More than half a million stroke deaths a year are tied to extreme temperatures

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In 2019 alone, more than half a million people died due to a stroke linked to high and low temperatures, a new study found.
Men had more strokes related to extreme temperatures than women, but it affected people across all age groups.
“Nonoptimal temperatures” made a difference: The number of people who had a stroke due to hot and cold temperatures grew and was significantly larger in 2019 than in 1990.
While that may sound counterintuitive for global warming, cold temperatures also come along with climate change.
Right now, stroke deaths connected to extreme temperatures are disproportionately concentrated in parts of the world with with a higher levels of people living in poverty and where health care systems are fragile, like in Africa.
Last year was the warmest since scientists started recording global temperatures in 1850 and temperatures are expected to break more records in the near future.
The new study wasn’t designed to show why extreme temperatures that come with the climate crisis seem to be causing so many strokes.
Extreme cold temperatures also can lead someone to have a stroke.

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A new study found that over half a million people died from strokes related to high and low temperatures in just 2019. Climate change caused by humans is expected to cause the world to get warmer, thus that number will increase.

Globally, since 1990, there has been an increase in the number of strokes related to high and low temperatures, according to a study published on Wednesday in the medical journal Neurology. Severe temperatures were linked to more strokes in men than in women, though the condition affected people of all ages.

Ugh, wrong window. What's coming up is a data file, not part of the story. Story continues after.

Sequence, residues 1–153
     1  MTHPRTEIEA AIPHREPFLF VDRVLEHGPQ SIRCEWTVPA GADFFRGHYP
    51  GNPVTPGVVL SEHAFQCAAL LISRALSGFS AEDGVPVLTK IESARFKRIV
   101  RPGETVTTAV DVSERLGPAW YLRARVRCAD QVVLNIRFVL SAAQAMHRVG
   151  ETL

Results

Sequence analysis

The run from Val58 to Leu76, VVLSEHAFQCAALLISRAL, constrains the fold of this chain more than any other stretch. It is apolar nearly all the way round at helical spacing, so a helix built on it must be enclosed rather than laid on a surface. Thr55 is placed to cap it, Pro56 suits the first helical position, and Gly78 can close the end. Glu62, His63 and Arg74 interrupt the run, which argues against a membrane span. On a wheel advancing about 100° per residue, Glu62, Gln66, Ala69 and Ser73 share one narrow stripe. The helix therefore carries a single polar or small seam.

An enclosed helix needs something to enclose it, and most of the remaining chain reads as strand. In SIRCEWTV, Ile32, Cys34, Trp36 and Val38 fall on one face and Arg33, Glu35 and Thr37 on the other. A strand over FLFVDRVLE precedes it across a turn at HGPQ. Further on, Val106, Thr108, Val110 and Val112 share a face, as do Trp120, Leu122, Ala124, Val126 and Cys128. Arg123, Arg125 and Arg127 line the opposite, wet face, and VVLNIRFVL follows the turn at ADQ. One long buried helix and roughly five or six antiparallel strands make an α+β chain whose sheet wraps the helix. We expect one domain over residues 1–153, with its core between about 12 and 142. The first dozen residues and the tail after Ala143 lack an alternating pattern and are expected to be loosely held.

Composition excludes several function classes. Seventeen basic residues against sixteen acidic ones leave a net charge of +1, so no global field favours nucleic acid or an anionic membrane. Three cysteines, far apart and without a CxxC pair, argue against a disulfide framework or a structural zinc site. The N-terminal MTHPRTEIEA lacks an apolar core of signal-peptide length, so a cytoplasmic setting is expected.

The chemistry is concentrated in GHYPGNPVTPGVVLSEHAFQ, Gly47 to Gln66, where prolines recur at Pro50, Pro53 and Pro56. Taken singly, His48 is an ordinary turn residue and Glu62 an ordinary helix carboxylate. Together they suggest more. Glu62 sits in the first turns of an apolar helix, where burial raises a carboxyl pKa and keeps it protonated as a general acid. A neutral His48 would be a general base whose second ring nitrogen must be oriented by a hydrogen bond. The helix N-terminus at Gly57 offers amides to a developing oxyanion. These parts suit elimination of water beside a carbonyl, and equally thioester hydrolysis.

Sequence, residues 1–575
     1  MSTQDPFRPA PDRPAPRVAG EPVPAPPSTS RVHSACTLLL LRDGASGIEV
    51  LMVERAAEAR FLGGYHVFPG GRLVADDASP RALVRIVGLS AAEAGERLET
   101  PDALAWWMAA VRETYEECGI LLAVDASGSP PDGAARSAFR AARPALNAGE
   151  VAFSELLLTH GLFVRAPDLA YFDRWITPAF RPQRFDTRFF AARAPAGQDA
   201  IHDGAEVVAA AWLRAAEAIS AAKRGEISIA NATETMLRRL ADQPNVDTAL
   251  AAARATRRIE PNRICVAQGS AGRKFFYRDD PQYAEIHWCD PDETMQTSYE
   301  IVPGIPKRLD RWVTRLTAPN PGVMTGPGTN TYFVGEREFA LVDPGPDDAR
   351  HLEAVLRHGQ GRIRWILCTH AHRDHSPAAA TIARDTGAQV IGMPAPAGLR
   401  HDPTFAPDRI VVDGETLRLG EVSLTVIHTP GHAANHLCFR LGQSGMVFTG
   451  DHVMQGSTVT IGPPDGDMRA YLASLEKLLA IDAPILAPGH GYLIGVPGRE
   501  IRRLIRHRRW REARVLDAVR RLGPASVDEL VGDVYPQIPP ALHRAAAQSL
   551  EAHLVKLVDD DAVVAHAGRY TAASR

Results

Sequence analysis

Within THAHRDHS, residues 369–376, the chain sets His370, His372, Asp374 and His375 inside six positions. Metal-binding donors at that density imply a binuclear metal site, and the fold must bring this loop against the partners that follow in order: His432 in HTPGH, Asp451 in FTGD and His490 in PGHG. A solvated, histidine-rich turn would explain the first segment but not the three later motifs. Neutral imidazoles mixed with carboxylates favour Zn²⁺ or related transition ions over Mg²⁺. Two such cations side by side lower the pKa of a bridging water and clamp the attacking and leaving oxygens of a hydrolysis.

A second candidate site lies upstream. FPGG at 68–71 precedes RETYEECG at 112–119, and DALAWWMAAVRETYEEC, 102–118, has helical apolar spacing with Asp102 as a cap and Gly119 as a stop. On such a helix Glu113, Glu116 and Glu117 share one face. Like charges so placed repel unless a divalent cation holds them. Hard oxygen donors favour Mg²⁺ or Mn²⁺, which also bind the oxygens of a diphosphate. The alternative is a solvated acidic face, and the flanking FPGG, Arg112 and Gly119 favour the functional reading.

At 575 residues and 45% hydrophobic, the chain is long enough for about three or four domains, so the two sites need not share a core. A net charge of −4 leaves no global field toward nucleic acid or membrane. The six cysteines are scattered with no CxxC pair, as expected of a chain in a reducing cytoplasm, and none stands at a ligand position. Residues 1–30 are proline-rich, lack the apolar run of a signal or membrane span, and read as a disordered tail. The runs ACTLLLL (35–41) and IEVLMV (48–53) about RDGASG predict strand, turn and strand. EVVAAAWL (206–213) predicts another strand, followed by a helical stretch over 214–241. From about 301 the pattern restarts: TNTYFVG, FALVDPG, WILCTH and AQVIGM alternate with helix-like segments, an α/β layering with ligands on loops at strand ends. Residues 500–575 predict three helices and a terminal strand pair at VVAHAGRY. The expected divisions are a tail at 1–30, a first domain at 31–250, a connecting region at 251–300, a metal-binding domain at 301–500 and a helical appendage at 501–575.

Temperatures and strokes in 204 nations and territories were examined for this study. Using global data on disease, deaths, and disability as well as climate data that includes temperature, cloud cover, and weather variables, researchers from China’s Xiangya Hospital Central South University developed a model.

Although the population has been growing and aging, the study’s authors pointed out that this does not fully explain the increase in stroke cases. The number of stroke victims attributed to hot and cold temperatures increased and was noticeably higher in 2019 compared to 1990. This indicates that “nonoptimal temperatures” do matter.

The greater number of strokes in 2019 was caused by the low temperatures. Cold weather is a side effect of climate change, despite the fact that it may seem contradictory to global warming. The polar vortex, which is the dense, cold air mass surrounding the poles, is hampered by warmer land temperatures, and this can result in lower temperatures.

At this time, the world’s highest rates of poverty and weak health care systems—such as those found in Africa—are associated with a disproportionate number of stroke deaths linked to extreme temperatures. The study stated that the high temperatures in Central Asia are causing a rapid rise in the incidence of strokes, which “also requires special attention.”. “.

According to the study, the burden of strokes caused by high temperatures “has increased rapidly” and will continue to grow “sharply” as the planet gets warmer.